Workers expect their defined contribution plans to play a greater role in their retirement income than annuities.
By Cyril Tuohy
An analysis of disability claims by the Council for Disability Awareness (CDA) has found that more employers offered long-term disability (LTD) insurance benefit plans last year as compared with 2012, but that fewer employees were insured by such plans last year as compared with 2012.
The CDA survey found more than 214,000 employers offered LTD plans to workers in 2013, a “slight increase” over the number of employers offering LTD coverage in 2012.
The number of employees insured by LTD plans was 32.1 million, down 1.5 percent compared to 2012, the survey found.
“It is a concern that while more employers offered long-term disability benefit plans for 2013, fewer workers were actually protected,” Barry Lundquist, CDA president, said in a news release.
The data was reported in the 2014 CDA Long Term Disability Claims Review, an analysis of claims data from 19 of the nation’s largest disability insurance companies.
One reason for the anomaly — more employers offering LTD but fewer employees covered — is that more employees may be choosing LTD coverage on a voluntary basis, the CDA said.
Premiums in the voluntary benefits marketplace grew to $6.64 billion last year, a 10 percent increase over 2012, as employees turned to the voluntary market to supplement their employer-sponsored health care coverage.
Employers are shifting a larger burden of the cost of health care onto employees by raising deductibles and charging more for office visits. The increases have forced many employees to look to the voluntary market to fill the gaps.
LTD plans offered on a voluntary basis mean that employees, not the employer, incur 100 percent of the premium. Employees last year saw fit to put off the coverage.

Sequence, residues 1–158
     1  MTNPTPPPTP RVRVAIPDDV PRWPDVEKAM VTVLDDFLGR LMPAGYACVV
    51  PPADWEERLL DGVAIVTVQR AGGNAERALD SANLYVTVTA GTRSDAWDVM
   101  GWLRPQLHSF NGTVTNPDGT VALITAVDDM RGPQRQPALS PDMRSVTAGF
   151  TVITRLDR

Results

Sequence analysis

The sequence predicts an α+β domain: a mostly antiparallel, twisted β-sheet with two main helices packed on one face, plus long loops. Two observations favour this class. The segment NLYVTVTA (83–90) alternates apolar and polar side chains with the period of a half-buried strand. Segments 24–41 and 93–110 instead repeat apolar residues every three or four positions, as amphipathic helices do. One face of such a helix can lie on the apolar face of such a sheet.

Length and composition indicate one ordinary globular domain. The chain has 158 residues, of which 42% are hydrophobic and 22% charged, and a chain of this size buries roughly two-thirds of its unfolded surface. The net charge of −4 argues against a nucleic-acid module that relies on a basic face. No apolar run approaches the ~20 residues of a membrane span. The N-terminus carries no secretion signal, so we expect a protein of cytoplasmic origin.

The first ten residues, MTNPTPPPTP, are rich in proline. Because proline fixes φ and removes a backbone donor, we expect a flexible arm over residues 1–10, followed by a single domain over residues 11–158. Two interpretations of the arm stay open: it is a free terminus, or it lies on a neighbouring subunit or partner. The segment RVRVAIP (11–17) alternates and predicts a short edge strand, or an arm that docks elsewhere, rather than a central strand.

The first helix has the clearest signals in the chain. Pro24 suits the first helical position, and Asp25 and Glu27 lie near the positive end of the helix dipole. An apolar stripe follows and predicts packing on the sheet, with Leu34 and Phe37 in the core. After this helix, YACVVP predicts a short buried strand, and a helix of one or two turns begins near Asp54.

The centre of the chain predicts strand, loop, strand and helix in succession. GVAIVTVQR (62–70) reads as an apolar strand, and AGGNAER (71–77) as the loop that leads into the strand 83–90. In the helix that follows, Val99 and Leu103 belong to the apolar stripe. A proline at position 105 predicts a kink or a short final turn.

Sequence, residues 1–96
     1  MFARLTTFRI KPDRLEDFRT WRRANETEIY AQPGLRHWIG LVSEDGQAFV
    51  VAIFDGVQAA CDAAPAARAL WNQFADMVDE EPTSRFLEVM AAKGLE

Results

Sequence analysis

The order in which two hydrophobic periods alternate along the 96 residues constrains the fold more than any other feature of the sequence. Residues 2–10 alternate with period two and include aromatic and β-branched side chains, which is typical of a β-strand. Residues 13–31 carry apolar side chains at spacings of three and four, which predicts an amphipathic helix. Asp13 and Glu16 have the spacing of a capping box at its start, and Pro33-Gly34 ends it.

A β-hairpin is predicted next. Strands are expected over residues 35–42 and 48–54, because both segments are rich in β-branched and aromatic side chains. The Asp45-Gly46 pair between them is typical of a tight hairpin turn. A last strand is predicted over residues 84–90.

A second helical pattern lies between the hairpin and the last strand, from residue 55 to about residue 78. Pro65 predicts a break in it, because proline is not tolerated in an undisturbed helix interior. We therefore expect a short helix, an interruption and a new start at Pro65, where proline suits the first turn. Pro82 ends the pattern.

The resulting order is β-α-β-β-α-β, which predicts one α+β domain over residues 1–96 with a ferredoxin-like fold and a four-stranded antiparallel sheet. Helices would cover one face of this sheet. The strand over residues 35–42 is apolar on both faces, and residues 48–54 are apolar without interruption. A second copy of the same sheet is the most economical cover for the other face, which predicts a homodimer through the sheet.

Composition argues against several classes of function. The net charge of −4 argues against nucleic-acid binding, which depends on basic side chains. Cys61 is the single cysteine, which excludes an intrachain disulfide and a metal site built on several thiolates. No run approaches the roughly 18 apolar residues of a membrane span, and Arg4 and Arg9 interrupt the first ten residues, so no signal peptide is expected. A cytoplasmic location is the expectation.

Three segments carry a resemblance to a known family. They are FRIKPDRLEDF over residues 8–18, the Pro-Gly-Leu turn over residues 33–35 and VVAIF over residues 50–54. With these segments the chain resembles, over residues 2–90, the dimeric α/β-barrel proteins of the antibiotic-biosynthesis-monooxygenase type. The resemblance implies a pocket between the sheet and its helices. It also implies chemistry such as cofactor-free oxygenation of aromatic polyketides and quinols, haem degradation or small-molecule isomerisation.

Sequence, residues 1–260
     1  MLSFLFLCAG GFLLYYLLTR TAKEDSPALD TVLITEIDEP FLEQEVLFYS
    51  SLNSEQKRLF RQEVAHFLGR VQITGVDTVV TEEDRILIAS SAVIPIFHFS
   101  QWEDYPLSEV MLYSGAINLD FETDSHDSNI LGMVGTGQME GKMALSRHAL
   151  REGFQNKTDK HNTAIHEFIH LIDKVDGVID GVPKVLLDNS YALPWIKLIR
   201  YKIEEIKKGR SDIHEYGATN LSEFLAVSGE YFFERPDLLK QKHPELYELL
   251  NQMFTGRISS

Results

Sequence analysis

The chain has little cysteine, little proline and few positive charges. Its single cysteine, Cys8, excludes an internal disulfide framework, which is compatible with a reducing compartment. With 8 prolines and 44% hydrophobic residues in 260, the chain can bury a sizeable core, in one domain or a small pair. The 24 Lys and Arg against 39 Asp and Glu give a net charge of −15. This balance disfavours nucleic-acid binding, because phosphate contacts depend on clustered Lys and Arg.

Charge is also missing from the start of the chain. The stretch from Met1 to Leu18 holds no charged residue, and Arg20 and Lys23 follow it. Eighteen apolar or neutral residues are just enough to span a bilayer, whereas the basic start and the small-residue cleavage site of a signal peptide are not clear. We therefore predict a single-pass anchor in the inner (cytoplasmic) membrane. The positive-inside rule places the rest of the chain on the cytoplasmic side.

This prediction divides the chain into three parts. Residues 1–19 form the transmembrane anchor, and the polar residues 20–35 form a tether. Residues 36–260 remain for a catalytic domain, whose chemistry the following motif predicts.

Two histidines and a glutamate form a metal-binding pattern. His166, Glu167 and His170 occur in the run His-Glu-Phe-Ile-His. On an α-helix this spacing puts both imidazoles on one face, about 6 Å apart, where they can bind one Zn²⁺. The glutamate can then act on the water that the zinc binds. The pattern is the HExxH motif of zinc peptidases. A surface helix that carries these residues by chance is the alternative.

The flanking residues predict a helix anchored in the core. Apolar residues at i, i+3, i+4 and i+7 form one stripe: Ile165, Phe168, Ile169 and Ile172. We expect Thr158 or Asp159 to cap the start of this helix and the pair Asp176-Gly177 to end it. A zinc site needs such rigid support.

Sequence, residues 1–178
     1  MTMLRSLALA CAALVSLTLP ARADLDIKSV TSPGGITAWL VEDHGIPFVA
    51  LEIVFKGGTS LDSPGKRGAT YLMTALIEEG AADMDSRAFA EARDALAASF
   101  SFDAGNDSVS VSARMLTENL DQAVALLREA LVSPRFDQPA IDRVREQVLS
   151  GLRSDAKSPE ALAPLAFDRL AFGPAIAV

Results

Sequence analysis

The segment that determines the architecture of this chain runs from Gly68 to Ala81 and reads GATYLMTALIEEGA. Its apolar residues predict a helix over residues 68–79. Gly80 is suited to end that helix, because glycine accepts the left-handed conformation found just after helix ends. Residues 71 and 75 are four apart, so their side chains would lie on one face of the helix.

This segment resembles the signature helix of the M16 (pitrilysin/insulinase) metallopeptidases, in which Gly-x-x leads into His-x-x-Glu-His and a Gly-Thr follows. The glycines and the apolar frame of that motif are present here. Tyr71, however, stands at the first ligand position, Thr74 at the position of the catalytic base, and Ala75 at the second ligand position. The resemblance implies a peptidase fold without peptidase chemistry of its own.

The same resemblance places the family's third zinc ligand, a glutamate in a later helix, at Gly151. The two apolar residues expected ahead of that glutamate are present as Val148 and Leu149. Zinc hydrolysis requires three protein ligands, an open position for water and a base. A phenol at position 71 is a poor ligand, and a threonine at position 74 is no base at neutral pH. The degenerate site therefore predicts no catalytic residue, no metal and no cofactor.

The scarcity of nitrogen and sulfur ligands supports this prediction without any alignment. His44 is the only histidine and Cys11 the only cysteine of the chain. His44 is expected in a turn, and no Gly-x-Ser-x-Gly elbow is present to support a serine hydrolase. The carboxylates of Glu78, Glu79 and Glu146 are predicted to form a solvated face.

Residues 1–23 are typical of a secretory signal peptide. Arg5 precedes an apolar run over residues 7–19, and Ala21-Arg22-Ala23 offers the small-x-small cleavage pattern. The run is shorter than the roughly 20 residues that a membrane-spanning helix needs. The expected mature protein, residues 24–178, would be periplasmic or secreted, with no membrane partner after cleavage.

“Despite increased consumer confidence, many employers and wage earners seem to have adopted a wait-and-see attitude toward benefit expenditures, a possible result of economic uncertainty and the fear of continually rising health care costs,” Lundquist said.
LTD coverage replaces a portion of an employee’s lost income due to a disability. Large employers offer the coverage.
Compared with regular health insurance premiums, disability insurance premiums are a bargain. Offered to employees at group rates, LTD premiums amount to just a few dollars a month.
Last year, insurance carriers paid out $9.8 billion in disability claims payments, a 1.6 percent increase over 2012, the survey also found.
Just under 150,000 new individuals were approved for LTD benefits in 2013, the analysis found, with 54 percent of new LTD claims coming from these diagnostic categories: musculoskeletal, nervous system-related, cardiovascular/circulatory, and cancer and neoplasms, the CDA said.
Cyril Tuohy is a writer based in Pennsylvania. He has covered the financial services industry for more than 15 years. Cyril may be reached at firstname.lastname@example.org.
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